Commercially available and preferred segmented polyesters represented by general formula I include those known under the trade designations "Hytrel 4056", "Hytrel 5556", "Hytrel 6356", "Hytrel 7246", and "Hytrel 8238" available from E. I. du Pont de Nemours and Company, Inc., Wilmington, Del. (du Pont), wherein both d and e are 4. Particularly preferred are the versions having Shore D hardness of 63 and 72 ("Hytrel 6356" and "Hytrel 7246", respectively). A similar family of thermoplastic polyesters are available under the tradenames "Riteflex" (Hoechst Celanese Corporation). A still further useful polyester is that known under the trade designation "Ecdel", form Eastman Chemical Products, Inc , Kingsport, Tenn.
The hardened compositions comprising thermoplastic elastomer and abrasive particles are of course not limited to those components. Glass fiber-reinforced polyester thermoplastic elastomers (trade designation "Thermocomp YF") are available from ICI Advanced Materials, LNP Engineering Plastics, Exton, Pa.
Preferred ionomers used to form ionomeric TPEs useful in the invention comprise the copolymerization reaction product of a functionalized monomer and an olefinic unsaturated monomer, the ionomers being represented by general formula II ##STR2## and mixtures thereof wherein: R1, R2, and R3 which may be the same or different and are selected from the group consisting of hydrogen, alkyl, substituted alkyl, aryl, and substituted aryl;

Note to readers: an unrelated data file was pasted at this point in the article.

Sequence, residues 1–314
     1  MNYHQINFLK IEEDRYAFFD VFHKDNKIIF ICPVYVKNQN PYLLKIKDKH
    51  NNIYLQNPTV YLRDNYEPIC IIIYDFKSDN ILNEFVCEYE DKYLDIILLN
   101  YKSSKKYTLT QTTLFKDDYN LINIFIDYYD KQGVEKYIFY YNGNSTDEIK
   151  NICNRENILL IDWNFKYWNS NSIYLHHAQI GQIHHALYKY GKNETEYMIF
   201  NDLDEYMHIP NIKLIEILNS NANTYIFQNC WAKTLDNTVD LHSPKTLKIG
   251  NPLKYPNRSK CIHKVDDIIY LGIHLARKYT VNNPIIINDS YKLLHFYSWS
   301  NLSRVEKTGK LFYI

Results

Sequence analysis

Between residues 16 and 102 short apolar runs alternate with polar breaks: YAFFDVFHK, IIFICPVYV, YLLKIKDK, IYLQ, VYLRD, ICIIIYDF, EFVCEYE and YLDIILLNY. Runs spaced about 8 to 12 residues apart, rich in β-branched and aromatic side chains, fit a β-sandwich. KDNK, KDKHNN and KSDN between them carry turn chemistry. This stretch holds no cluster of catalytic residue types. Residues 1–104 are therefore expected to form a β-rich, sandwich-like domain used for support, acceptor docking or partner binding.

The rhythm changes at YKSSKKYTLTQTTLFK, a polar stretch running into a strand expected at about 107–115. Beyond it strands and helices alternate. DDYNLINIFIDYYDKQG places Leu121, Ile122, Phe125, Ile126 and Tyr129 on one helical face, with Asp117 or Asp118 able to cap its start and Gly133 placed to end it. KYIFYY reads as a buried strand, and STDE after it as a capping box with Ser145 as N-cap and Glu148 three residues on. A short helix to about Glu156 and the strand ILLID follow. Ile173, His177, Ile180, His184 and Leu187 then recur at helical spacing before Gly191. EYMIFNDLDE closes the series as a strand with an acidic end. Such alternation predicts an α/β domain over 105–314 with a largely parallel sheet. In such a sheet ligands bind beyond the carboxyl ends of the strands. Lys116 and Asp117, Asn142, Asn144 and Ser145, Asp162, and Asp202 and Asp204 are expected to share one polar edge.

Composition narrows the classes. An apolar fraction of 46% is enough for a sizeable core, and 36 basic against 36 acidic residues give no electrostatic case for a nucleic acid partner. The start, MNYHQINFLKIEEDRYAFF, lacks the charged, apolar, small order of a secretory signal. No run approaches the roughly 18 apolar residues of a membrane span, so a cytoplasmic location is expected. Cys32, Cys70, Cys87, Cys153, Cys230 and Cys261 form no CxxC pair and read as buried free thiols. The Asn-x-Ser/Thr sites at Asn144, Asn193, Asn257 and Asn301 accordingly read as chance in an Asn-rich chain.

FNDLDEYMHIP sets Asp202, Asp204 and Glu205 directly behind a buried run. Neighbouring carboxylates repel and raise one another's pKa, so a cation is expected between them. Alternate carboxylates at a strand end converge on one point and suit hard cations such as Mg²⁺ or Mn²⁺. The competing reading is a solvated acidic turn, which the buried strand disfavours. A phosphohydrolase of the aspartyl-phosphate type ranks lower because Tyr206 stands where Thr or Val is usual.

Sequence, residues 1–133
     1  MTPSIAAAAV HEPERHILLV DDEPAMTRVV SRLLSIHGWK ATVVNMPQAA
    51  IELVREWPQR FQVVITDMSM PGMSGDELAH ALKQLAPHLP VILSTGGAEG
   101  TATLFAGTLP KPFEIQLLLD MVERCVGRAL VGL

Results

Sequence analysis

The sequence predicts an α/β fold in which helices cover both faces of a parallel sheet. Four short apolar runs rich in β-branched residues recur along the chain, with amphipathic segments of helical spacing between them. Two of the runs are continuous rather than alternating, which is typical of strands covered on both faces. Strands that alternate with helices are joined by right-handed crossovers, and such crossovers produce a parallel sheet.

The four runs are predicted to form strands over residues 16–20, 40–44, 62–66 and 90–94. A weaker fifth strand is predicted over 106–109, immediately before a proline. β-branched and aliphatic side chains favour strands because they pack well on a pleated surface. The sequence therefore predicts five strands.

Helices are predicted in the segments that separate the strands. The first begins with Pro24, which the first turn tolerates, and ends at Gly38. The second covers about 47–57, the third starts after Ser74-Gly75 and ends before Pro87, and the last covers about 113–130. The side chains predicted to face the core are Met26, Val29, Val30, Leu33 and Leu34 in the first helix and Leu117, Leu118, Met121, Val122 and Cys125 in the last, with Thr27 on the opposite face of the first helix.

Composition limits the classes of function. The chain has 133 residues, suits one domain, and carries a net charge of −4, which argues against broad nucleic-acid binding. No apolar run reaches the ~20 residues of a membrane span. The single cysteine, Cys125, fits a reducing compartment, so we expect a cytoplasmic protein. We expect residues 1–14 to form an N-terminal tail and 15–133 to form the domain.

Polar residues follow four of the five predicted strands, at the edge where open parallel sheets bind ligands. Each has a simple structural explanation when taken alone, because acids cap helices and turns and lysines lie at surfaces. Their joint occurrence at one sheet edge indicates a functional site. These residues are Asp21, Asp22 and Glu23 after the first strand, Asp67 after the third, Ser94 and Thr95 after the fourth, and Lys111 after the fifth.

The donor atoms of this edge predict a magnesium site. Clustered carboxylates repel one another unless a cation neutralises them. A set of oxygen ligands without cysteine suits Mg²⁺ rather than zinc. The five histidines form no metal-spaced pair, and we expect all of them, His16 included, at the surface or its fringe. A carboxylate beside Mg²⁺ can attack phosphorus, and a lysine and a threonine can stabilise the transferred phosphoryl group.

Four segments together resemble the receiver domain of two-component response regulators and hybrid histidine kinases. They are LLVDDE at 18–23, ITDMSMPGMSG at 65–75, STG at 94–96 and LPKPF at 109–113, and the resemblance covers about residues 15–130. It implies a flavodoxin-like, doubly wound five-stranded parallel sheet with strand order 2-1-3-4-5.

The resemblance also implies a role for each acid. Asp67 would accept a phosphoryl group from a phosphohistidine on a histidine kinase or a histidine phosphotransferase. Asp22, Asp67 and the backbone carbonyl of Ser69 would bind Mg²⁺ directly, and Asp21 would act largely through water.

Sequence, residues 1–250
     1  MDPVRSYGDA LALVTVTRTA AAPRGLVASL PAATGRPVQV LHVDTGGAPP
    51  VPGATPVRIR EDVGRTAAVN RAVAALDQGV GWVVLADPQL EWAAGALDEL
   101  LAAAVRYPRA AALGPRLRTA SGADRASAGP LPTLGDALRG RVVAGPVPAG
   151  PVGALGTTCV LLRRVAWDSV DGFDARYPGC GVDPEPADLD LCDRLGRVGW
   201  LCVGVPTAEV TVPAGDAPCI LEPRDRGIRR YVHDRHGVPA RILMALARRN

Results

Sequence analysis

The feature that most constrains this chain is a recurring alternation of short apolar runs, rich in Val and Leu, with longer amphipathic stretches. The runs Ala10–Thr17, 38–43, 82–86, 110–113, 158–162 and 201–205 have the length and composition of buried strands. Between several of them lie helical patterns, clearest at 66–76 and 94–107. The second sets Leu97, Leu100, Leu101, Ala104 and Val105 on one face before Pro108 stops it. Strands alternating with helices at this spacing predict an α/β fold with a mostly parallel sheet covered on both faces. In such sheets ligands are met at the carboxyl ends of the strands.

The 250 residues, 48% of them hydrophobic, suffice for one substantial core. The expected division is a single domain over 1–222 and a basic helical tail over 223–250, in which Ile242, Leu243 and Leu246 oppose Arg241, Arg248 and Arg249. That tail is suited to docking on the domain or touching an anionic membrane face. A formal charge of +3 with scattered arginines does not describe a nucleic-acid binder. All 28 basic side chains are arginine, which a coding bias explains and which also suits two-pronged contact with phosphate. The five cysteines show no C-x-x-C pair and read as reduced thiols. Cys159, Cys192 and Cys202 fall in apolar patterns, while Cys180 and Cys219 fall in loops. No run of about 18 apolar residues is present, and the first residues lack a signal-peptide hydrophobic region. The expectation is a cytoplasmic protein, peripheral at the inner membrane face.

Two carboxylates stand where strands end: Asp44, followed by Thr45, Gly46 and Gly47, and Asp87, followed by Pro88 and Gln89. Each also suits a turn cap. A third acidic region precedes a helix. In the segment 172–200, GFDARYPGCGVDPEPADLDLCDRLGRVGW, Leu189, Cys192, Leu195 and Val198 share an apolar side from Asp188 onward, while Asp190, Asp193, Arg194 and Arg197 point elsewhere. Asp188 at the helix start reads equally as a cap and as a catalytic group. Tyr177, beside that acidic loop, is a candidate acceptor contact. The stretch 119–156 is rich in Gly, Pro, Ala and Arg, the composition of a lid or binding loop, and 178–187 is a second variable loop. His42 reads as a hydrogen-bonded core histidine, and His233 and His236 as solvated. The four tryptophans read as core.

m and n are integers which may be the same or different which are selected so that the weight percentage of the functionalized monomer ranges from about 3 to about 25 weight percent of the total ionomer weight and so that the resulting ionomeric TPE has a Shore D durometer ranging from about 30 to about 90;
D is a functional group selected from the group consisting of COO and SO3,; and
M is selected from the group consisting of Na, Zn, K, Li, Mg, Sr, and Pb.
Particularly preferred are those ionomers represented by general formula II wherein R1 ═R2 ═R3 ═CH3 and D═COO. A particularly preferred ionomer is when R1 ═CH3, D═COO, and M═Na, such an ionomer being commercially available, for example that known under the trade designation "Surlyn 8550" (du Pont).
The values of m and n are normally not given by manufacturers but are selected to provide the resulting ionomeric TPE with a room temperature Shore D durometer ranging from about 30 to about 90. Alternatively, m and n may be characterized as providing the molten ionomeric TPE with a flow rate (formerly termed "melt index" in the art) ranging from about 1 gm/10 mins to about 10 gms/10 mins (as per ASTM test D1238-86, condition 190/2.16, formerly D1238-79, condition E). Briefly, the test involves placing a sample within the bore of a vertical, heated cylinder which is fitted with an orifice at the bottom of the bore. A weighted piston is then placed within the cylinder bore, and the amount in grams of molten polymer exiting the cylinder through the orifice is recorded in grams for a 10 minute period.
The functionalized monomer may be selected from acrylic acid, methacrylic acid, vinyl acetate, and the like, and copolymers thereof, with acrylic and methacrylic acid particularly preferred.